Your Furry Underbelly is Showing…
One of my absolute favorite movies is Sliding Doors (1998) with Gwyneth Paltrow and yummy John Hannah. It’s an interesting movie, if you’ve never seen it. The plot splits, and two separate plots develop based upon Paltrow’s decision to force her way onto a departing train or to let it go and wait for the next one. The viewer is able to follow the separate storylines because in one Paltrow cuts her hair short and in the other her hair is long. The two stories weave together at the very end and you are left wondering, even having to decide for yourself, which was her reality.
The main premise of the movie is that our destiny is not driven so much by the big decisions but our everyday choices. To catch this train or wait for the next. To put ourselves out there, once again, and suggest we meet over coffee. [Segue…] I’m often told that I will meet my husband if only I would get out more, take ballroom dance classes or date online, etc. etc. Really? Do you think that we have to put forth that much effort to meet our lifelong companion, lover and best friend? I don’t. When we give ourselves over to our Father’s purposes He works it out. It’s while we’re on our own everyday journey, pursuing the interests and dreams that He’s placed in our hearts, that He brings us into contact with our lifelong relationships, those people to whom we’ll show our furry underbelly …forever.
Early in the movie, Gwyneth Paltrow drops an earring in a crowded elevator and John Hannah picks it up and hands it to her. For him, it’s a cha-ching! moment. He notices her, and tries repeatedly to strike up conversation. Later on they encounter one another and John Hannah again tries to connect with Gwyneth. On all occasions, she is completely oblivious to his attention. She had just lost her job, and her current man friend, John Lynch, is an all-around cad. He plays the part convincingly. Gwyneth goes through some dark waters before she’s thinking clearly again but since John Hannah persists at being becoming her friend through several seasons, they eventually connect.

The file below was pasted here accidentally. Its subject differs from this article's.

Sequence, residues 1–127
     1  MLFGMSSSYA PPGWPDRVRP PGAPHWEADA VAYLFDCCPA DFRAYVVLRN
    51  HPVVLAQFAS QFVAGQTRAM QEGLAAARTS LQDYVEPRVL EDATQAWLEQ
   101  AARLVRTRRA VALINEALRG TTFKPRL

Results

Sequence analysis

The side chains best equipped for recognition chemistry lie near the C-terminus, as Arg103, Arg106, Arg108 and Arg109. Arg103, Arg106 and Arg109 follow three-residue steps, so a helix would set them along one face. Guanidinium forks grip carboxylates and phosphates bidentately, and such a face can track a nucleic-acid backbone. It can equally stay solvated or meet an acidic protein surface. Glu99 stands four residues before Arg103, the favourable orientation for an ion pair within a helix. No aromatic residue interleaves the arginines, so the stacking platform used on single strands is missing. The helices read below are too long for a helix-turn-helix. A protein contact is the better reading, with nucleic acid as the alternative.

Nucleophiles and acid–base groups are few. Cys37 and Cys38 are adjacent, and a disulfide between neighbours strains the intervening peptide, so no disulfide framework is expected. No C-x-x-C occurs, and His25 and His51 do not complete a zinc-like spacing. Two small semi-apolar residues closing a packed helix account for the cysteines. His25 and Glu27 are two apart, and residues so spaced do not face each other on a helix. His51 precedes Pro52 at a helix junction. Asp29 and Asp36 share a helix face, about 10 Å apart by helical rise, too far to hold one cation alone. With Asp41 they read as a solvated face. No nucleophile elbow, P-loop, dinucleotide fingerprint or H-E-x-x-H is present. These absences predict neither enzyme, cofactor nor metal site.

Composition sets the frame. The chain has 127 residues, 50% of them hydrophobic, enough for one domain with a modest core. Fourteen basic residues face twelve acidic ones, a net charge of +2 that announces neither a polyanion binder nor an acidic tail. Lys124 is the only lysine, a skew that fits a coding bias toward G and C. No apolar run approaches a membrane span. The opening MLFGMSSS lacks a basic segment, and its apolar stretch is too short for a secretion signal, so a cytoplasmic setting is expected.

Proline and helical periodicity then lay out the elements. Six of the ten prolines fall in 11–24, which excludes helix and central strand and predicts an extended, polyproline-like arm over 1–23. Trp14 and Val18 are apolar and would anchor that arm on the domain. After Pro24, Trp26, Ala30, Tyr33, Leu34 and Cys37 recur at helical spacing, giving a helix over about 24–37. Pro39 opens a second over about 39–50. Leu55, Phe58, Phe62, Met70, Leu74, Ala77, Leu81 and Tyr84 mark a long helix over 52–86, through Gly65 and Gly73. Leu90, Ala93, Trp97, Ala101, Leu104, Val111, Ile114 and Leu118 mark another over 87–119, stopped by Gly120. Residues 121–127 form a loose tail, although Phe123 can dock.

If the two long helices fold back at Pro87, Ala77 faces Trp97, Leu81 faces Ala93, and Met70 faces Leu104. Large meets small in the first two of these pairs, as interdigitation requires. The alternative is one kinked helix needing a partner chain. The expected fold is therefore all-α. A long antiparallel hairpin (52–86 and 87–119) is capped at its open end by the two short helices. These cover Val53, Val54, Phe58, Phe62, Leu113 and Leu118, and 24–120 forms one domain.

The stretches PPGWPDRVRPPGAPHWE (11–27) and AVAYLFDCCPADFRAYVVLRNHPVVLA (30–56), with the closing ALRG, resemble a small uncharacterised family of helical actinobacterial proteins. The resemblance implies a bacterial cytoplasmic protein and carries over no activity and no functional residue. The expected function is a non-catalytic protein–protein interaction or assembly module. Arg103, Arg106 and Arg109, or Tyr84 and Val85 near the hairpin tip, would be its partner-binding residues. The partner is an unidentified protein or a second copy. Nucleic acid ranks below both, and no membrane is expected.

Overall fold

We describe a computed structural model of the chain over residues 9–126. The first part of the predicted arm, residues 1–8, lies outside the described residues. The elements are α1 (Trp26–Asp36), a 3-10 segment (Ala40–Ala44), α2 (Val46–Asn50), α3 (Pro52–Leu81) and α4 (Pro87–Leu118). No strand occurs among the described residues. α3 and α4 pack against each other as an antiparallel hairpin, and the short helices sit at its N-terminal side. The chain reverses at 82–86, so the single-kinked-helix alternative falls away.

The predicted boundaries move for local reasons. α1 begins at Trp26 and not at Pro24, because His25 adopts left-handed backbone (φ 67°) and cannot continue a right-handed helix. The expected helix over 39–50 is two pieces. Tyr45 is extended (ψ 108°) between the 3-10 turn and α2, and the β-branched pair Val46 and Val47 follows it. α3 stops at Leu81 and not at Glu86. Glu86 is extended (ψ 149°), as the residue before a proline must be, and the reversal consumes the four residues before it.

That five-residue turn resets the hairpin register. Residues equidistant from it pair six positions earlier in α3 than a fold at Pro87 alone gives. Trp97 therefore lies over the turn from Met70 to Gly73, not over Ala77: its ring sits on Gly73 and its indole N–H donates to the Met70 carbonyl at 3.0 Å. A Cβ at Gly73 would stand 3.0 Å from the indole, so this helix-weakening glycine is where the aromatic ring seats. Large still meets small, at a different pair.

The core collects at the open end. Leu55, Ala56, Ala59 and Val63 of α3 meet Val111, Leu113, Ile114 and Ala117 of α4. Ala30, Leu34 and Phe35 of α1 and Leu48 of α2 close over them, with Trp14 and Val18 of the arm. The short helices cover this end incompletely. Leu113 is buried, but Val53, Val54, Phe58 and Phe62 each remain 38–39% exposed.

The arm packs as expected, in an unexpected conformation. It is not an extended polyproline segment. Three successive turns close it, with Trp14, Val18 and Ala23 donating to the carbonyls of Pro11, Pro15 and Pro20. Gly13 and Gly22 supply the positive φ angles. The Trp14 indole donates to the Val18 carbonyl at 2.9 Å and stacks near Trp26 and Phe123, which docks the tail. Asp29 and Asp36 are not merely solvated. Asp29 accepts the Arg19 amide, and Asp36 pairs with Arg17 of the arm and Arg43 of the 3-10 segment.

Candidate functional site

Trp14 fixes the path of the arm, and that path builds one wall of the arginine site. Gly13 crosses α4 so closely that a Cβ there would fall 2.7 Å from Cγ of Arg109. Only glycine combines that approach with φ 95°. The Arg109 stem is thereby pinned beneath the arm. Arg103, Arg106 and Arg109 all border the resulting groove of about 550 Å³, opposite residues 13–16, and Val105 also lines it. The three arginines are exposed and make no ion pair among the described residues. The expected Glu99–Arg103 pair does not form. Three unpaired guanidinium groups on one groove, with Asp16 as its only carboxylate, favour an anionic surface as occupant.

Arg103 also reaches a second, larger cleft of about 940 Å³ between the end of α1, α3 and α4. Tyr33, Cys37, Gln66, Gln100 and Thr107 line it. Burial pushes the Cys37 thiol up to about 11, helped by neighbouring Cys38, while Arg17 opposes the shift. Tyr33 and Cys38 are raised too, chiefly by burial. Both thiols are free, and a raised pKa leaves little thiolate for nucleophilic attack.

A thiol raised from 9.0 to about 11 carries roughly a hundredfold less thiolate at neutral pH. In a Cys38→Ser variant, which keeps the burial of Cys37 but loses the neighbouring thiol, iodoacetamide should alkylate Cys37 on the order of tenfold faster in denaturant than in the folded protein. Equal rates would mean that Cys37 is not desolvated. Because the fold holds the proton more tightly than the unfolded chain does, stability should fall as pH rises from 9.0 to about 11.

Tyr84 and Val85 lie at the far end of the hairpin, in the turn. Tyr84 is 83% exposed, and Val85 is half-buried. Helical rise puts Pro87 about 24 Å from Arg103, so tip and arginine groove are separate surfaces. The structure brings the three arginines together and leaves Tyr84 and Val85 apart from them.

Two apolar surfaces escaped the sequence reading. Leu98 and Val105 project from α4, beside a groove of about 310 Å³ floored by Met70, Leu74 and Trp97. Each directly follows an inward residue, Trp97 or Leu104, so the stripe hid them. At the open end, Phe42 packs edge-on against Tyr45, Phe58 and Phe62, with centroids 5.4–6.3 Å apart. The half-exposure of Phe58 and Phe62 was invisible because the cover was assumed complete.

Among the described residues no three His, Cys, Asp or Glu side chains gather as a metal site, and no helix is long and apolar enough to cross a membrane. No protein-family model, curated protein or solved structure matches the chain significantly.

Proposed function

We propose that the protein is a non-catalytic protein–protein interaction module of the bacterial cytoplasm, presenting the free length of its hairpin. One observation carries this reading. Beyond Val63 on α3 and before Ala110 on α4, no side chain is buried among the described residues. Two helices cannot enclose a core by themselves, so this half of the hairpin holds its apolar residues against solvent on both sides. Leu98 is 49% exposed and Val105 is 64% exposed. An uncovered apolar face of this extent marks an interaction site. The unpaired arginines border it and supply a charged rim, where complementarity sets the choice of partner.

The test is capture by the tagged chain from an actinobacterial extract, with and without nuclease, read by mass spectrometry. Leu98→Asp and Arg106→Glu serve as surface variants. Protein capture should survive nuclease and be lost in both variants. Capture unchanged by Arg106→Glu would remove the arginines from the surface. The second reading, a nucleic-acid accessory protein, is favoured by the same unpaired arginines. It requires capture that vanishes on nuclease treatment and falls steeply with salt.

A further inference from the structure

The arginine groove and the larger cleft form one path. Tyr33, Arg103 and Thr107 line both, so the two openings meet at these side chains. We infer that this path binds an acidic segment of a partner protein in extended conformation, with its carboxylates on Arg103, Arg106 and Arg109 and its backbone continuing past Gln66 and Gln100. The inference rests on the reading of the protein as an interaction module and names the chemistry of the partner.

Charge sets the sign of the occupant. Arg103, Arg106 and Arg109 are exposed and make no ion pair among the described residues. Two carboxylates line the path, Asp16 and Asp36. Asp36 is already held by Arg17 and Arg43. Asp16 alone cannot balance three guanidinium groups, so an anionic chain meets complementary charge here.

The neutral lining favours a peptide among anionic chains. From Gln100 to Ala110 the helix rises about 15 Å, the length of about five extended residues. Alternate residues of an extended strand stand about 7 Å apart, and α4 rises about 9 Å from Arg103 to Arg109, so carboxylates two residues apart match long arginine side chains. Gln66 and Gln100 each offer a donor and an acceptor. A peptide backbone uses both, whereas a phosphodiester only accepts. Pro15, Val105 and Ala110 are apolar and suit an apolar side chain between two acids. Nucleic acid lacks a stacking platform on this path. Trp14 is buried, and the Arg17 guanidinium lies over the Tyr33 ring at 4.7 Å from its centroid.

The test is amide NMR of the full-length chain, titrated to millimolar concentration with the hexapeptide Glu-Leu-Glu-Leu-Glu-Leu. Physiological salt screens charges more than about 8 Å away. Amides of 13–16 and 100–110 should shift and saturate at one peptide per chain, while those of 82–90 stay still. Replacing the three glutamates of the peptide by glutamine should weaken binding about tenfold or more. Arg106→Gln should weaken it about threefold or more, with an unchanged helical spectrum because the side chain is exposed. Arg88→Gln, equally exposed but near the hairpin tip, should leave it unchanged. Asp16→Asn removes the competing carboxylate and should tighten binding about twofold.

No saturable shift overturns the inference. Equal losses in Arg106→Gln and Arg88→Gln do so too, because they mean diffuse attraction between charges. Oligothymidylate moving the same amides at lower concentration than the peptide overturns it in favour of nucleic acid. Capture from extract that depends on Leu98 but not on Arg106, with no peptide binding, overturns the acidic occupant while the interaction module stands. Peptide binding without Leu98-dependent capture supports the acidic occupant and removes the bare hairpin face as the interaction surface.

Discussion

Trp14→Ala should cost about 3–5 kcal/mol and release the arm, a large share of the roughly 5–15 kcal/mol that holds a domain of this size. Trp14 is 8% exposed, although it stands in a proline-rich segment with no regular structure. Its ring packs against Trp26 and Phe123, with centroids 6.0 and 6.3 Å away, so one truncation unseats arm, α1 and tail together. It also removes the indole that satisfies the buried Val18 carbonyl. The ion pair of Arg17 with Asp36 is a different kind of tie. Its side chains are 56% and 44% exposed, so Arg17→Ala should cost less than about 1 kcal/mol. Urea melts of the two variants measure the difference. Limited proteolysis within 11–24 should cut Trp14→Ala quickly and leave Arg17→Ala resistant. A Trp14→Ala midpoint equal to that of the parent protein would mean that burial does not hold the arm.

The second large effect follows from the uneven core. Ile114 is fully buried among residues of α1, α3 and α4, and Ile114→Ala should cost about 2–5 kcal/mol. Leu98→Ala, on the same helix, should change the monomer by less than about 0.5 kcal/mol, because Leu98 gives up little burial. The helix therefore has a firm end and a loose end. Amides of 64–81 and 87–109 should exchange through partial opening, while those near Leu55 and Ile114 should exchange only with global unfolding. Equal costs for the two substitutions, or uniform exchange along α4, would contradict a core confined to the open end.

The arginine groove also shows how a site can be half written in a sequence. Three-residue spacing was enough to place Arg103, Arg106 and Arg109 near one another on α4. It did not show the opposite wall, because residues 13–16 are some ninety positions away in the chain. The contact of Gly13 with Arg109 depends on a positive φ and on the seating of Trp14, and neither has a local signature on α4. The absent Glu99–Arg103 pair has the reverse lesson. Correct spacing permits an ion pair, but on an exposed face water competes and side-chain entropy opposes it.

I remember deciding to visit a church on the other side of town on the night of a blizzard. Before I began the 15 mile drive, I wanted to bail but decided to go anyway. Having newly relocated from the southeast, I hadn’t driven in snow, let alone a blizzard in ten years! Yet, that evening I wound up talking with a gal who has since become one of my dearest friends. Some of life’s wildest rides have been with my friend Kim, and we’ve howled with laughter until we couldn’t breathe. Good stuff. Would I have connected with her on another occasion? Quite likely. But there are some people who you know as soon as you meet them that they will be in your life forever. Kim is one of those people for me.
Whether a husband, wife or gal/guy pal, lifelong friends are worth waiting for. They are worth fighting for. Our friendship was nearly lost to us through a series of misunderstandings and mistakes Kim and I both regret deeply. For a year we both tried to justify our silence. Authentic sorrow, repentance and forgiveness had to come from the heart, for both of us. We learned so much about ourselves, our natural inclination toward selfishness. It’s a friendship that has been severely tested and tried but it’s stronger as a result. We’re both thoughtful about the way we value one another after all this. It reminds us of Christ’s sacrifice for us. He layed down His life for us, and that’s the gold standard for a friendship, “Greater love has no man than he that lays down his life for a friend.” (John 15:13)
Who are your lifelong friends? Do they know?